Heart Transplant after LVAD

The Emory Center for Heart Transplantation in Atlanta, Georgia ranks among the nation's top heart transplant hospitals. In the United States, there are about 2,500 heart transplants per year. At Emory, we perform 25-30 transplants per year. Our Atlanta heart transplant program was established in 1985.

Patients who are candidates for transplant have advanced heart failure. In the majority of patients, advanced heart failure is caused by failure of the left side of the heart. The left ventricle pumps oxygenated blood throughout the body. When not enough oxygenated blood is being pumped through the body, people experience symptoms of shortness of breath, fatigue, and lack of energy.

Emory heart surgeons now offer patients the LVAD (Left Ventricular Assist Device) as both long-terms therapy and as a bridge to transplant. This incredible device allows patients to regain health while awaiting a heart transplant and is a, potentially, life-saving option for patients who are not candidates for transplant.

An LVAD is a mechanical pump that assists the heart in circulating blood throughout the body. The device is implanted in the heart through an open procedure and it, essentially, takes over the function of the left ventricle. The LVAD pulls blood from the left ventricle and then pumps the blood into the aorta so that it can be circulated throughout the body. The LVAD is normally made of stainless steel or titanium and is powered by a small battery that is worn outside of the body.

Since being approved by the FDA in 1994, Ventricular Assist Devices have been commonly used as a “Bridge to Transplant”. While awaiting a heart transplant, a patient can become critically ill. A Ventricular Assist Device allows patients to rehabilitate and prepare for transplantation. They can go home, regain their strength, and be in good health for when their transplant becomes available.

Now, Emory doctors are offering these devices as an alternative to transplant, or destination therapy. There are far fewer donor hearts than there are patients with advanced heart failure. The ability to use LVADs as a destination therapy is a, potentially, life saving option for patients who would not be considered candidates for transplant.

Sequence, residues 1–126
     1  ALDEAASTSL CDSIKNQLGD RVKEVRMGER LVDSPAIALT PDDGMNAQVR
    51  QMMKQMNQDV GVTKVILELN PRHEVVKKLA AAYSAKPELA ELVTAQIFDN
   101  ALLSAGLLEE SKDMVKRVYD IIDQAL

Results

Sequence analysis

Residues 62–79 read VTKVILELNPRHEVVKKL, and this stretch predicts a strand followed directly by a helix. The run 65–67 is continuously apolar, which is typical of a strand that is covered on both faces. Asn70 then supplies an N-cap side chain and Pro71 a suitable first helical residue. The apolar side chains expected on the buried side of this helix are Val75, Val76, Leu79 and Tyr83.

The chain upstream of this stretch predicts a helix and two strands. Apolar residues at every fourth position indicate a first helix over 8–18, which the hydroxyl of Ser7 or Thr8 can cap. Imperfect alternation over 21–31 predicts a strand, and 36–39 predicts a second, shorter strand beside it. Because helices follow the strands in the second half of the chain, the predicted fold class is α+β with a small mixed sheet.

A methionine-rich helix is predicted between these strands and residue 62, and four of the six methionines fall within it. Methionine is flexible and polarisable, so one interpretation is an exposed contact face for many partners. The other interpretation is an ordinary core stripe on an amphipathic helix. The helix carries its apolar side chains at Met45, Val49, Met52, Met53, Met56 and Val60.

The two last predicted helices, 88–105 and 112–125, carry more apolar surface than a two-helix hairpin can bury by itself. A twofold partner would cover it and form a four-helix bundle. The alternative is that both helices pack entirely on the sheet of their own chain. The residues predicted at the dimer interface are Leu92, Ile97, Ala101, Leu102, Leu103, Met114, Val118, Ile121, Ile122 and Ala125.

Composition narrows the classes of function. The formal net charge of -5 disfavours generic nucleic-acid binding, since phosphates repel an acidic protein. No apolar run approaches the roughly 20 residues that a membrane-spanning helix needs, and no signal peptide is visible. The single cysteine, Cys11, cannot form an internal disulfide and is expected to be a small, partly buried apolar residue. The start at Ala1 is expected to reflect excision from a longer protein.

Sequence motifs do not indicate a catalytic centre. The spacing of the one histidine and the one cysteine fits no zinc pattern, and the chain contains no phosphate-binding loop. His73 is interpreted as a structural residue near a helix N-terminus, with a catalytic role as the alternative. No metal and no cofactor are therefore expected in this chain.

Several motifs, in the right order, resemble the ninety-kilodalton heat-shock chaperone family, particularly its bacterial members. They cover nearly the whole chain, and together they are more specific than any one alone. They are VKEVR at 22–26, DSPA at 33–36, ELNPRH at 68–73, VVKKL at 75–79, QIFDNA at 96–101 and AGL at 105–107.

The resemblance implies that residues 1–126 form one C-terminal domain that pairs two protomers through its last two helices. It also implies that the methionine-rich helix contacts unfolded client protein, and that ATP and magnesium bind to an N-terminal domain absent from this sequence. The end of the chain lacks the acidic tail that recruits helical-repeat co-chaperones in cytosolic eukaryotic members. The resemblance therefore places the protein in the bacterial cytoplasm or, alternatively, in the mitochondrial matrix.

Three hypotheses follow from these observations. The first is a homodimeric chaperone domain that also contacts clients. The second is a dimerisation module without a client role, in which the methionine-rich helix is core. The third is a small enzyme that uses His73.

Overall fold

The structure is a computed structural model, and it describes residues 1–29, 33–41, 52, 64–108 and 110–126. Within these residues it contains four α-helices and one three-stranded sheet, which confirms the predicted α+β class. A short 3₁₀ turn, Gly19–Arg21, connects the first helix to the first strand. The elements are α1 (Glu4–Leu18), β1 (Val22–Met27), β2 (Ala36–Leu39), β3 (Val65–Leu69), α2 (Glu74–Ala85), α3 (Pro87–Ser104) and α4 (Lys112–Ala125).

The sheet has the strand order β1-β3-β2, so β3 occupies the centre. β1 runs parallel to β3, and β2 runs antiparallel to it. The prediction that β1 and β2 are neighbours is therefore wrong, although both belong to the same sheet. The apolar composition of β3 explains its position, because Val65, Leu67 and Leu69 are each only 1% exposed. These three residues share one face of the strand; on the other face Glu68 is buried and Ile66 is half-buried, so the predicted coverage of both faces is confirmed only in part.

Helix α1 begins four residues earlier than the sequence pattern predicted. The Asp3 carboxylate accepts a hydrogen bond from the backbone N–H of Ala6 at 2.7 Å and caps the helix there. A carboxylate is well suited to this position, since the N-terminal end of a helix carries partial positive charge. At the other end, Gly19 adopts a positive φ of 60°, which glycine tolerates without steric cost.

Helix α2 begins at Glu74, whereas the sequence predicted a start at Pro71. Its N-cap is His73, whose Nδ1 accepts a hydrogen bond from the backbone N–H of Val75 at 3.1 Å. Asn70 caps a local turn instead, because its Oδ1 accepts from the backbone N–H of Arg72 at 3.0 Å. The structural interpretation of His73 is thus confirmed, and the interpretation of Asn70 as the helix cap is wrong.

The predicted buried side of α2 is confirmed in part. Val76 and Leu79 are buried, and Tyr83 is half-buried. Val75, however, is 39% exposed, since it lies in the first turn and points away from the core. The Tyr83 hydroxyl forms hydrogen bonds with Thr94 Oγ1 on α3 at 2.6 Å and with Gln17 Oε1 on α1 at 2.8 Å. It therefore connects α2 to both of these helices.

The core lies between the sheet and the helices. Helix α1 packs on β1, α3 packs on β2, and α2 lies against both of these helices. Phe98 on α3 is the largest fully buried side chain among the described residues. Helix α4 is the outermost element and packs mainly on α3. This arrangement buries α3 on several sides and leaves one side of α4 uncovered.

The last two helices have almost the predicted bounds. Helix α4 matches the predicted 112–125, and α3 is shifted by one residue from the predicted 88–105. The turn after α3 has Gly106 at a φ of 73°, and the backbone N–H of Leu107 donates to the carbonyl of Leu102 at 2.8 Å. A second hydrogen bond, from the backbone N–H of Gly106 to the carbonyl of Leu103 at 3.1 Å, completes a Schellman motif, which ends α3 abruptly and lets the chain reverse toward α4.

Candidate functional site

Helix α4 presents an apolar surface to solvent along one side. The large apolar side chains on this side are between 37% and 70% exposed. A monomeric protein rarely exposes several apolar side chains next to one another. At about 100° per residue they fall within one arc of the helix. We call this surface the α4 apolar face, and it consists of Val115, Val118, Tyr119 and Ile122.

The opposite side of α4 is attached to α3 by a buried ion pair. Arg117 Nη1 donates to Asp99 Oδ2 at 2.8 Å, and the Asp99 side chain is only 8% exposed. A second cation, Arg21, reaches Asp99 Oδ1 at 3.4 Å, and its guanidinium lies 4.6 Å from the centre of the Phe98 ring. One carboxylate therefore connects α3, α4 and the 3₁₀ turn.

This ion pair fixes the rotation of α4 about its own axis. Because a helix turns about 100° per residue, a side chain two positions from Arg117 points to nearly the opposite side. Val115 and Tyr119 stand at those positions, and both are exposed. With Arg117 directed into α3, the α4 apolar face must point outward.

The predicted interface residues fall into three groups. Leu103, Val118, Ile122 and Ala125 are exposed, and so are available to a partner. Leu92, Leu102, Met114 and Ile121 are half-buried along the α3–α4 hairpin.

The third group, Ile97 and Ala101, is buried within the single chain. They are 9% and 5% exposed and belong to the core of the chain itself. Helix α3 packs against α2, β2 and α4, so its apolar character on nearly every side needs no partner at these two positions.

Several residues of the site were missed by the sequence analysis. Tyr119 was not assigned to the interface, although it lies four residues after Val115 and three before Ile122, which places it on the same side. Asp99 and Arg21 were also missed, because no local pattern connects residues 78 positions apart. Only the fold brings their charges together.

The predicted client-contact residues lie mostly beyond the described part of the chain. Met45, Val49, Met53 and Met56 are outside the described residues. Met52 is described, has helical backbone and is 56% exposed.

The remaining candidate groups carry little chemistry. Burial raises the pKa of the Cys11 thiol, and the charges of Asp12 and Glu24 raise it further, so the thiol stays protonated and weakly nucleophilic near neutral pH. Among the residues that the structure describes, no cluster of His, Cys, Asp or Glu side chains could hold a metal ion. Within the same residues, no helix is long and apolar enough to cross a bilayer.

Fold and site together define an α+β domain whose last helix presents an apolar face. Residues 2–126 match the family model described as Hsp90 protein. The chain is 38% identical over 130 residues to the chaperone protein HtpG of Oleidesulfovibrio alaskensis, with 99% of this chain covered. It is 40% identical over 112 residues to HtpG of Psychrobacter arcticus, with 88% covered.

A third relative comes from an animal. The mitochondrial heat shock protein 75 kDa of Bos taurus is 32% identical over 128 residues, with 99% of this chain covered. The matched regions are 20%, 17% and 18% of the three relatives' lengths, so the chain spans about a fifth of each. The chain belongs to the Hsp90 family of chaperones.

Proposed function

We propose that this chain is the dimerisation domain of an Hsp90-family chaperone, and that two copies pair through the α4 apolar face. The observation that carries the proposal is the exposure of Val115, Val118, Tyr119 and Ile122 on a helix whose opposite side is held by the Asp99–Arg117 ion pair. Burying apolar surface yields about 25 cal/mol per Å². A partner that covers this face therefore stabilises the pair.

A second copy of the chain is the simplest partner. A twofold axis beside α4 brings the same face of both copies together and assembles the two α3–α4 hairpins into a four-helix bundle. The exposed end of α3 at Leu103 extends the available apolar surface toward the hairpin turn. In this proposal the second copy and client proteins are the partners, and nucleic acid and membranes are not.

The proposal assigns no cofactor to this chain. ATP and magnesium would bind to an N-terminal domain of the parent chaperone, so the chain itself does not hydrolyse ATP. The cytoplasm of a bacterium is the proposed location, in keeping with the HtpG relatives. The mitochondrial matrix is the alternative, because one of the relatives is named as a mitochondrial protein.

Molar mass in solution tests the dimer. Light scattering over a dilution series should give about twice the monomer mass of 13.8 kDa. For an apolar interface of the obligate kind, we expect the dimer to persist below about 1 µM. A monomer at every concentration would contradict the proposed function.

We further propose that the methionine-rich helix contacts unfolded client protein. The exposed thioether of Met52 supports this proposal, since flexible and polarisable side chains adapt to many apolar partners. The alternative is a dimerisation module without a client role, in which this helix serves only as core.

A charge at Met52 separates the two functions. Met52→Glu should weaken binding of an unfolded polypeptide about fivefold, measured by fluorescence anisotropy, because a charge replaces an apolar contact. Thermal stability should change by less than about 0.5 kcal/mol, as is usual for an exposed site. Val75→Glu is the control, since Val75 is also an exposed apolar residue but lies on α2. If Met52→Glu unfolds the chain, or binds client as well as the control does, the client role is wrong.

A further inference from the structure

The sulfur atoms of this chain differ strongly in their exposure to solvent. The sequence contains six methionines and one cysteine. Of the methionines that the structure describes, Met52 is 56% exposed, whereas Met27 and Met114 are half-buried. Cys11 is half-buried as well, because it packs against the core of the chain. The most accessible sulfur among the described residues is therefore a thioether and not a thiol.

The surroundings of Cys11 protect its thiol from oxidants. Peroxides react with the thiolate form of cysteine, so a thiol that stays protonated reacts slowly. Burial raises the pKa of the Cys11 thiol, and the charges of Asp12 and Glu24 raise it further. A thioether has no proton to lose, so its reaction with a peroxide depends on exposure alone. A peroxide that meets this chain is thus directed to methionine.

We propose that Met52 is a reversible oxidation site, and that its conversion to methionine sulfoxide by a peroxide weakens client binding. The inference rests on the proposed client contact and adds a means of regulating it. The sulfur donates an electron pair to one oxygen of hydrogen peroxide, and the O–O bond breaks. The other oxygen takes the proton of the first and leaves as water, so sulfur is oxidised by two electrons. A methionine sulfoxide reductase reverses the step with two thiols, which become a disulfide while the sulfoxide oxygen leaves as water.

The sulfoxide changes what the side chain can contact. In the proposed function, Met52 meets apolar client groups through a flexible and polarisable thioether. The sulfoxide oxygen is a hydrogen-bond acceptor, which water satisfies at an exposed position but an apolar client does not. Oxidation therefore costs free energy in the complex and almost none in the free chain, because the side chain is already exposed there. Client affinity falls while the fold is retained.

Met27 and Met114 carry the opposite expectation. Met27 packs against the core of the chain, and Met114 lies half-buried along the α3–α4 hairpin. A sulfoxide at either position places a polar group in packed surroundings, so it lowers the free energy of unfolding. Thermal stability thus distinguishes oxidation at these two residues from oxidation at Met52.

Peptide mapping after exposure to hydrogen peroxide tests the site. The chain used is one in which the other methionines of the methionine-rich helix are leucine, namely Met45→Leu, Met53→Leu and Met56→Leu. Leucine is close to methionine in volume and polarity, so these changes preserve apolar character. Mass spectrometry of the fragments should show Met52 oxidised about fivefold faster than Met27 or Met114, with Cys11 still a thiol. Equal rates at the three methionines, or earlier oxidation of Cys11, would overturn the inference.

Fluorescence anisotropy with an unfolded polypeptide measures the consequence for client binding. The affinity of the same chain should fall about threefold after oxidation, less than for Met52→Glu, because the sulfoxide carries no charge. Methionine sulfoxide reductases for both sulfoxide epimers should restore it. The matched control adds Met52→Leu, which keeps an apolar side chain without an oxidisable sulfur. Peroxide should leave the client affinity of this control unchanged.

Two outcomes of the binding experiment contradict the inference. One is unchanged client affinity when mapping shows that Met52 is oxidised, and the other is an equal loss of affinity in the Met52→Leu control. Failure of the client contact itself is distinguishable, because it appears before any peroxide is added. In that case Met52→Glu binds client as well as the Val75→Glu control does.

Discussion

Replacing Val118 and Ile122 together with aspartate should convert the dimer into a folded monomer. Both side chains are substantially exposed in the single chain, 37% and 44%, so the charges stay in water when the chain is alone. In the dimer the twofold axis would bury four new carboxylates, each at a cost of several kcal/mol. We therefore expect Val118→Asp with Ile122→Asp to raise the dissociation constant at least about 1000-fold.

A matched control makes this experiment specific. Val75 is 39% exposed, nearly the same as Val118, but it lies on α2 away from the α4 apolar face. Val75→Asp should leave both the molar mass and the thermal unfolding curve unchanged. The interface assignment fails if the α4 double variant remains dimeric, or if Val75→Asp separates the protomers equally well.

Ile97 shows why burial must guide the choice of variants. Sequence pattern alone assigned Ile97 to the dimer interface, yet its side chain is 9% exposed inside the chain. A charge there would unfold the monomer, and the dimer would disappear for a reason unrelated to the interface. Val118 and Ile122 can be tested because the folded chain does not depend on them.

Patient Advantages

  • Improved quality of life means patients can return to doing the activities they previously enjoyed such as traveling, exercising, and spending time with family.
  • Because the number of heart transplantations is limited by donor availability, using VADs as destination therapy offers hope for more patients with severe heart disease.
  • VADs offer a, potentially, life-saving option for patients with severe heart failure who are unwilling or ineligible for transplant due to personal or religious beliefs, cancer, blood clotting problems and other debilitating health conditions.
  • VADs allow patients awaiting transplantation to go home and rehabilitate so they can prepare for their heart transplant.

Why Emory?

Emory performed Georgia's first heart transplant. In addition, Emory University Hospital’s Cardiac VAD destination therapy program has earned the "Gold Seal of Approval" from The Joint Commission. The program has achieved this status because of the experience of our multidisciplinary team and our compliance with performance standards that positively impact clinical outcomes. Emory is one of only two certified programs in Georgia and is one of approximately 80 such centers in the country.

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David Vega, MD

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